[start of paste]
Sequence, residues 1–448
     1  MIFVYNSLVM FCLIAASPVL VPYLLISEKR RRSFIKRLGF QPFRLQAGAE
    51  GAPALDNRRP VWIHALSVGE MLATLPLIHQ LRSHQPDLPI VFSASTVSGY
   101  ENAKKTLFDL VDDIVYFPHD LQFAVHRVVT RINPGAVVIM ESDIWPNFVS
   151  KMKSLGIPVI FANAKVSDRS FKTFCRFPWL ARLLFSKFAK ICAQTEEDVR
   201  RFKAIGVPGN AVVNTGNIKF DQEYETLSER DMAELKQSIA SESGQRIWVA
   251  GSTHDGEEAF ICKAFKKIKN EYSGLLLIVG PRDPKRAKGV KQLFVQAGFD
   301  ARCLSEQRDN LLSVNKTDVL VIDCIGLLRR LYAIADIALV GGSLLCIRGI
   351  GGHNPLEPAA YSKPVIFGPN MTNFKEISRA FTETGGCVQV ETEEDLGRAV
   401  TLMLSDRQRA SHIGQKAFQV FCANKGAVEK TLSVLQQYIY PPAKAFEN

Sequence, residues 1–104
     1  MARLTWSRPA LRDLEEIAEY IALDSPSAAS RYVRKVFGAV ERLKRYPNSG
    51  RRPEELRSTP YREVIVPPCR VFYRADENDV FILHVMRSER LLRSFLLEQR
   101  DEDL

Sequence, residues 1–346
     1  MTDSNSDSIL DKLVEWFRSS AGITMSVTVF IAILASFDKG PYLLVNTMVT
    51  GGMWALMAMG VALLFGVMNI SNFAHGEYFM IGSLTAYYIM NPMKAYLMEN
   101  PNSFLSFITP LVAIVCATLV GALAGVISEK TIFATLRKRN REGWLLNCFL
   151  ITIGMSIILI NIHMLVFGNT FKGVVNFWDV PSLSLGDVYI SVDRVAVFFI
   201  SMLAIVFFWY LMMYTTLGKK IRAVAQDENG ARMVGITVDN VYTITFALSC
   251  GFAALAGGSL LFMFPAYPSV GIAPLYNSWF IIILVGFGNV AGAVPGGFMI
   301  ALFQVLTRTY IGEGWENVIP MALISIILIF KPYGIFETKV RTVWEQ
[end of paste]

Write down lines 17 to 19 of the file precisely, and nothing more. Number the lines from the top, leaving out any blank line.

    51  GGMWALMAMG VALLFGVMNI SNFAHGEYFM IGSLTAYYIM NPMKAYLMEN
   101  PNSFLSFITP LVAIVCATLV GALAGVISEK TIFATLRKRN REGWLLNCFL
   151  ITIGMSIILI NIHMLVFGNT FKGVVNFWDV PSLSLGDVYI SVDRVAVFFI